Rocktober Day 2!: The Darkness - Permission To Land


The use of the term "retro" is one that always one that causes me to cringe a bit. It implies that just because something sounds like that which came before it, that somehow a diminished level of creativity was involved in creation. And yes, sometimes that may be true, but in the case of The Darkness, their sound is more byproduct of the fact that they may just actually exist in the early 70's.

Permission To Land, um, landed in 2003 and to be honest, it was pretty hard to tell just what the hell was going on. Grown ass men dressed in white jump suits fighting aliens on a spaceship and sounding like they were on tour opening for was 2003 dammit, not 1973!

But that didn't seem to matter AT ALL to the guys in The Darkness. No, not only were they content to lovingly recreate the music of their PARENTS youth, they did a damn good job of it. Their is no escaping that Permission To Land is a tasteless, bawdy affair, but that's what makes it so awfully good.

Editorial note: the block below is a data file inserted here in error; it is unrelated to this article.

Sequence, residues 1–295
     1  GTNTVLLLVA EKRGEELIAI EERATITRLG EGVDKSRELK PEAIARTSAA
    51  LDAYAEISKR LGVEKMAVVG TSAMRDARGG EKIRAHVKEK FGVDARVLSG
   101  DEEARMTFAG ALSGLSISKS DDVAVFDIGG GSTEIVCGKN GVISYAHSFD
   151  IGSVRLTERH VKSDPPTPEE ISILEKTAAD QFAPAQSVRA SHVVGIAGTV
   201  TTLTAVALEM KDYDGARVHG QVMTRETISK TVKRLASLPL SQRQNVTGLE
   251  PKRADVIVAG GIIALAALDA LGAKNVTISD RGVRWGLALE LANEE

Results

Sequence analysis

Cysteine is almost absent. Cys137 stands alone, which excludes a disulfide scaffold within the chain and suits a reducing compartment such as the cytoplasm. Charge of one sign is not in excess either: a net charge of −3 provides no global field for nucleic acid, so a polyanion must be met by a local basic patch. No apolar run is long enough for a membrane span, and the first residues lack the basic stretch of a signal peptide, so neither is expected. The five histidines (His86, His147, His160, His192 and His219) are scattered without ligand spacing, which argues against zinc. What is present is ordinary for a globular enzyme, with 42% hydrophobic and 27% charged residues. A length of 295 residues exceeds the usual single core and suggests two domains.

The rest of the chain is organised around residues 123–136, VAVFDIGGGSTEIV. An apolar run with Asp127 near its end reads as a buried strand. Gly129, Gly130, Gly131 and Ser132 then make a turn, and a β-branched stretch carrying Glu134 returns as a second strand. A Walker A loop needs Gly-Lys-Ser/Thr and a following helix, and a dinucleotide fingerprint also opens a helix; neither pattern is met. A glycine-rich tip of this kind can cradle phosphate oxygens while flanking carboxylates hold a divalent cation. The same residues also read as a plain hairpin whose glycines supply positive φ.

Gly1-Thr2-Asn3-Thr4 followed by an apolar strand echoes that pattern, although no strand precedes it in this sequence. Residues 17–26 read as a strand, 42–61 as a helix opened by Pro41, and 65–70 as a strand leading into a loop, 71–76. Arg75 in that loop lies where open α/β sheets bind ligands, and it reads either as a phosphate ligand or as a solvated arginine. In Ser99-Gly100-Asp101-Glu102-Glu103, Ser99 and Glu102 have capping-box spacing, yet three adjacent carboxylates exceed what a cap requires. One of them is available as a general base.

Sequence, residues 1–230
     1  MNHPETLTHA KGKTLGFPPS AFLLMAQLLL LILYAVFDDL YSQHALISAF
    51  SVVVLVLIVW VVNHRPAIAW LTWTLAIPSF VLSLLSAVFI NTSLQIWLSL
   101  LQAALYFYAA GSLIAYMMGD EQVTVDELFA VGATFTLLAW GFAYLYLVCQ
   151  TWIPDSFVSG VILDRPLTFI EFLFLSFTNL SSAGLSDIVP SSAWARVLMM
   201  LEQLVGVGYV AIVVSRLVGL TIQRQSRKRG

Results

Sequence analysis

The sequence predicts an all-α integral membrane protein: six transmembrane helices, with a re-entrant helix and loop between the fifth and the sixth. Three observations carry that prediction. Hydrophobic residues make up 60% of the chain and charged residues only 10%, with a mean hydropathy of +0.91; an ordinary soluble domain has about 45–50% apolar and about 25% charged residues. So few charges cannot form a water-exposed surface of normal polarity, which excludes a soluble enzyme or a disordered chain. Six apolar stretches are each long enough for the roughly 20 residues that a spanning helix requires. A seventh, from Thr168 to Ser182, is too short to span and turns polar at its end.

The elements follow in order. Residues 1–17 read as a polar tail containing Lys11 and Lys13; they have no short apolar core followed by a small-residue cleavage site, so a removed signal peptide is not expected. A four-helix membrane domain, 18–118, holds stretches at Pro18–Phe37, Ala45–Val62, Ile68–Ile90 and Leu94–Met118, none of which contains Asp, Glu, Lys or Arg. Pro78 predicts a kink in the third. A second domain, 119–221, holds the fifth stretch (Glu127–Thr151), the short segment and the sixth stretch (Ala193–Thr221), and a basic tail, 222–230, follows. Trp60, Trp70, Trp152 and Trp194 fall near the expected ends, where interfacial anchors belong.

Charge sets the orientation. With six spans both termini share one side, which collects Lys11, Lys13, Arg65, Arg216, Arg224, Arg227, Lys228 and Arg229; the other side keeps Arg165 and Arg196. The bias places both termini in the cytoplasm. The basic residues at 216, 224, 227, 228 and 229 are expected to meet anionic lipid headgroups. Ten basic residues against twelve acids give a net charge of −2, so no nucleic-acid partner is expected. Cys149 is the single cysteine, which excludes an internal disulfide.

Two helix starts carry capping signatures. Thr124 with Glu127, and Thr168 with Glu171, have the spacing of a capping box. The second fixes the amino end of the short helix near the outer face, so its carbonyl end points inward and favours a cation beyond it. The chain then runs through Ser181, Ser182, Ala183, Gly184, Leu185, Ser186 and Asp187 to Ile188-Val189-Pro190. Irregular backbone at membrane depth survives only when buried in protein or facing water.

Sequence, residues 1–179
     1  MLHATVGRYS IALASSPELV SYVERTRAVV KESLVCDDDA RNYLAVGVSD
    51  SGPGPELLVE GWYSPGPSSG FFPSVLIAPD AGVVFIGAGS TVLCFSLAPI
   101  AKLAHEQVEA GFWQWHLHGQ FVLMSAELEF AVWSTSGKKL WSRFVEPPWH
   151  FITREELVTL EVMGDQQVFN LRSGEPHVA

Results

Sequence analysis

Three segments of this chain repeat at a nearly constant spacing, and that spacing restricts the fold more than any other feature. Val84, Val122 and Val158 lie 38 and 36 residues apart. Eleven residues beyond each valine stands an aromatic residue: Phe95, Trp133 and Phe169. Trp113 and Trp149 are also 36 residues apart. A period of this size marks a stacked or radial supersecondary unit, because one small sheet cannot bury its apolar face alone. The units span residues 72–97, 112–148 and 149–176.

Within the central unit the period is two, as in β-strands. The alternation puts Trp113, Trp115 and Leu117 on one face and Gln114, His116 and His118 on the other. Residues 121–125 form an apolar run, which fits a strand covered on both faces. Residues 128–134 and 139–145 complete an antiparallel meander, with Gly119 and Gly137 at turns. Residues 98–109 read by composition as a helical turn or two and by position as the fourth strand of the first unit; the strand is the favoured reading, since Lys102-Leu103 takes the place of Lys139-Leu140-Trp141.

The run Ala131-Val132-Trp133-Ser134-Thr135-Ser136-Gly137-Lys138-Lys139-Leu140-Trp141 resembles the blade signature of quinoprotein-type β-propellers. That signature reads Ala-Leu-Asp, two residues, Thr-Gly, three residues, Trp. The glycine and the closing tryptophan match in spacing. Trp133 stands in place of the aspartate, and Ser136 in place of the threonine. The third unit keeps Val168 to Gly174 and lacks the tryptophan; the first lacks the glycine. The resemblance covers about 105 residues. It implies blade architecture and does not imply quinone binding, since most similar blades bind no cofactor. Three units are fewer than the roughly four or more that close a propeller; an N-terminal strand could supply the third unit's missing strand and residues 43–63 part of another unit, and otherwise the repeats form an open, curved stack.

With songs like "Black Shuck", "Love On The Rocks With No Ice" and the unavoidably catchy first single "I Believe In  Thing Called Love" the band explored the outer limits of cheese, but somehow managed to tie it all together into one absurdly rocktastic package. In fact the song "Get Your Hands Off My Woman" (see the video below), may be the best song 1974 ever produced if not for it being made in 2003. 

That's some serious rock for your ass, and in fact a good enough song that even Ben Folds could cover it and it still rocks your face. 

Unfortunately, The Darkness fell pray to the rock and roll excesses that their 70's forefathers all fell prey to (and often sang about) and just couldn't hold it together. There was a second album that was expectedly disappointing, and after that they just sort of faded away.

It's a minor shame because the world could use more bands like this these days. The Darkness served as a reminder that rock could, and maybe should be, dangerous, tasteless, but most of all fun, and just because we're 30 years in the future from when that was the just the de rigeur for bands, there's no reason we can't still go back to that place today.

Or if you prefer